Alternatively, you could choose to work with the Thoth Tarot deck. This comes with a fair warning that many people who pick up this deck are strongly repelled by the energetic signature of the infamous Aleister Crowley that seems to still hover over it. In my own experience, this deck demands that you take your occult studies very seriously so dabblers beware.

Finally, I highly recommend the Tarot of the Holy Light if you wish to take a traditionalist approach. The correspondences in this deck follow the French occultist school, as opposed to the British Golden Dawn correspondences used for the RWS (and its thousands of clones). The independently published Tarot of the Holy Light comes with a couple of excellent companion books and the artwork is sublime.

The Intuitive Approach

However, choosing to truly study the symbolism and diving deep into astrological and kabbalistic correspondences doesn’t necessarily make you a better Tarot reader. Nor is it the approach that serves every reader the best. Some people seem to have a natural understanding of symbols and archetypes. And for some uniquely gifted individuals, the Tarot imagery seems to act as a direct portal to the Divine Matrix/One Mind/Quantum Field–no additional learning required.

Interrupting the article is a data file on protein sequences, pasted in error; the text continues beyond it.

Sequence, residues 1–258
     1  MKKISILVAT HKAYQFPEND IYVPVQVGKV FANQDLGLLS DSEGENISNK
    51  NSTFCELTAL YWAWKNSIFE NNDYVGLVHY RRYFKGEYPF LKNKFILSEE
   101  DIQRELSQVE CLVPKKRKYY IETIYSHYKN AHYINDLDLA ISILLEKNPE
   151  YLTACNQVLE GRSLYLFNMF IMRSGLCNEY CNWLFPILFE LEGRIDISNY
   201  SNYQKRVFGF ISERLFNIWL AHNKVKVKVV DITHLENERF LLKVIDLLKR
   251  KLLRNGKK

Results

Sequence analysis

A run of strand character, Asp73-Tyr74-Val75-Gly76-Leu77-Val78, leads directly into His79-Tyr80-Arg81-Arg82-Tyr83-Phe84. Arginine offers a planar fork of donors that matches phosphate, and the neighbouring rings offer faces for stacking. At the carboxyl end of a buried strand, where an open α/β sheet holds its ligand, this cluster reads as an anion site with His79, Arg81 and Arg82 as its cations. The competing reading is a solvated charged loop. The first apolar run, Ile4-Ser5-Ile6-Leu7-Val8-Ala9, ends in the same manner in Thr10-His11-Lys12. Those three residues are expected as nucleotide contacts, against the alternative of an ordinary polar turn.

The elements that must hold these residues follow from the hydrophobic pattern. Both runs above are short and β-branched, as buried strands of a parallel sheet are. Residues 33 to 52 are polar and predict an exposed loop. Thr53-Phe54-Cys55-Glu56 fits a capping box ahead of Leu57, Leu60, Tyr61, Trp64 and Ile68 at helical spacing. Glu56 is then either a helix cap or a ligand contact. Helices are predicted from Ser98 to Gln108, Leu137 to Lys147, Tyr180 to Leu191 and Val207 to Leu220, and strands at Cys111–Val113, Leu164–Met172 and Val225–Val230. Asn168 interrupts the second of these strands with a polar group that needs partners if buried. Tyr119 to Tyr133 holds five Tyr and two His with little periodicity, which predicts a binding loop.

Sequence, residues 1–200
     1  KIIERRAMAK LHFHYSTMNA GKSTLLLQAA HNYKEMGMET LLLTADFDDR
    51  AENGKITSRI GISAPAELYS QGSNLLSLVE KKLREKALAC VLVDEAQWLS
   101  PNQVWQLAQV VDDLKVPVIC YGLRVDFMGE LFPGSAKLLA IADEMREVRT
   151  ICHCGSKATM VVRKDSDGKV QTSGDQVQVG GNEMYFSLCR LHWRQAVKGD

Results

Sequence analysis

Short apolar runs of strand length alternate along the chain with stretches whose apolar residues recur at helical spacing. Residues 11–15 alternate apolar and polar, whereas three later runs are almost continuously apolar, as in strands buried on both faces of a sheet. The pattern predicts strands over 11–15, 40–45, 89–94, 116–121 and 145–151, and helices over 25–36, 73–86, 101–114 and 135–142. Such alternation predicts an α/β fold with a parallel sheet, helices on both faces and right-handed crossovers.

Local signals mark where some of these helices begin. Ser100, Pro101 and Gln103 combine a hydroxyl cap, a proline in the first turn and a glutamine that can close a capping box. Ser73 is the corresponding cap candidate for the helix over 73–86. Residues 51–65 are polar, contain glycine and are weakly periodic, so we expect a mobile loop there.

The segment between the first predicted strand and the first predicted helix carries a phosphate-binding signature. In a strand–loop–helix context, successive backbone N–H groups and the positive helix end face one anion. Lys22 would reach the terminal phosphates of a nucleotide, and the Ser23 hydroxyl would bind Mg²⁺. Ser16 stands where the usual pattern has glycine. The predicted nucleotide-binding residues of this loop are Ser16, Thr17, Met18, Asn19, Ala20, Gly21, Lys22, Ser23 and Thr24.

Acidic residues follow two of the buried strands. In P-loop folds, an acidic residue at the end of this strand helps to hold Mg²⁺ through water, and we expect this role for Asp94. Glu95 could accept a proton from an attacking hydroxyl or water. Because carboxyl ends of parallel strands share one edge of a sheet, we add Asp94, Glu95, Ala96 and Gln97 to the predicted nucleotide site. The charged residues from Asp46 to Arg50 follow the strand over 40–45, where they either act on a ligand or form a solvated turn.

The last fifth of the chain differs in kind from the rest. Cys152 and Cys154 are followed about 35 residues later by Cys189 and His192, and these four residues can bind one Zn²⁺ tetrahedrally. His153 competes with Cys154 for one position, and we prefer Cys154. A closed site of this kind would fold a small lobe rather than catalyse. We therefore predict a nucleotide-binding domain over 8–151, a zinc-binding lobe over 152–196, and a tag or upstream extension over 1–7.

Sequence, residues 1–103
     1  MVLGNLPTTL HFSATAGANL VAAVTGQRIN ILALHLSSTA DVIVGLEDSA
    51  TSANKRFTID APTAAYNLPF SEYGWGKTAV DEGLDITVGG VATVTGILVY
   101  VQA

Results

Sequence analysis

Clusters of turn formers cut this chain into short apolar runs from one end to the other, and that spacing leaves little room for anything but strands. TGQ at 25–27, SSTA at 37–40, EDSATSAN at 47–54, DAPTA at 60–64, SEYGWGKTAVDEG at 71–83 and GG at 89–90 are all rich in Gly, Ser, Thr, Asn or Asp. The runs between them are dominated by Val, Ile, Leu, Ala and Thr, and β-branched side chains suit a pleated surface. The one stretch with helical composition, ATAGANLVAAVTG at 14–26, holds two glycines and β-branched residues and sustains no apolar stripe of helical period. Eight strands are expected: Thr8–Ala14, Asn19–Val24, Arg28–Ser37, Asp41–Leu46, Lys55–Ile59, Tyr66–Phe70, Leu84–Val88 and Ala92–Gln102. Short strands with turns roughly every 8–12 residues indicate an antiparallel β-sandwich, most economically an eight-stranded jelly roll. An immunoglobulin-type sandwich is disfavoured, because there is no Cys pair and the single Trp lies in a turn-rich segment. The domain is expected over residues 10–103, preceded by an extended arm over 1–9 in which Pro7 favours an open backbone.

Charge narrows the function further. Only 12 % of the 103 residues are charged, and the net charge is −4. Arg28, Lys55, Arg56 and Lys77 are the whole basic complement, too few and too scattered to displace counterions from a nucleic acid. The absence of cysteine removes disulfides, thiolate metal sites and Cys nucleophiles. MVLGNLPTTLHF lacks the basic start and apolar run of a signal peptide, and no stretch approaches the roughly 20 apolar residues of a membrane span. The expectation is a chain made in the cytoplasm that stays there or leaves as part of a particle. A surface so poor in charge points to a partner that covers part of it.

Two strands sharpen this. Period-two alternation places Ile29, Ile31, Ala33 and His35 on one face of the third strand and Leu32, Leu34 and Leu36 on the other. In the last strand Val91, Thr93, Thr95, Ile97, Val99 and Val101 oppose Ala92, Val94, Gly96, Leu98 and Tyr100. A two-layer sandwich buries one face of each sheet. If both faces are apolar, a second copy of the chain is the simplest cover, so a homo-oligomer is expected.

My very first reading was an experience that seemed to link me to the One Mind but that was more of a one-off. The line of communication isn’t always that clear. There are usually varying degrees of clarity and I’m still unable to read for myself or someone else if I am attached to the outcome. That this One Mind Tarot experience happened to me at age 15 was in and of itself a sign that the Tarot wished to work with me. It happened for a reason.

On the converse, one of the worst Tarot readings I have ever had was with a well-known published occultist. I will not name this person since I have no desire to shame them.

So is the intuitive approach for you? If you have read this far, you probably already resonate more with one approach than with the other. Please understand that the intuitive approach means a learning process. But this will be a process where you pay more attention to your own inner workings and intuitive nudges than to materials composed by ‘the experts.’ Keeping a journal is a must.

Thousands of Options

If the intuitive approach appeals more to you, I highly recommend simply doing an online search on a site like aeclectic.net until you find a deck with imagery that sings to you. You will have thousands of options to choose from. This could be confusing in itself. However, this is where categories come in handy.

Below you will find my top pick in various categories:

Additional Considerations When Choosing Your First Tarot Deck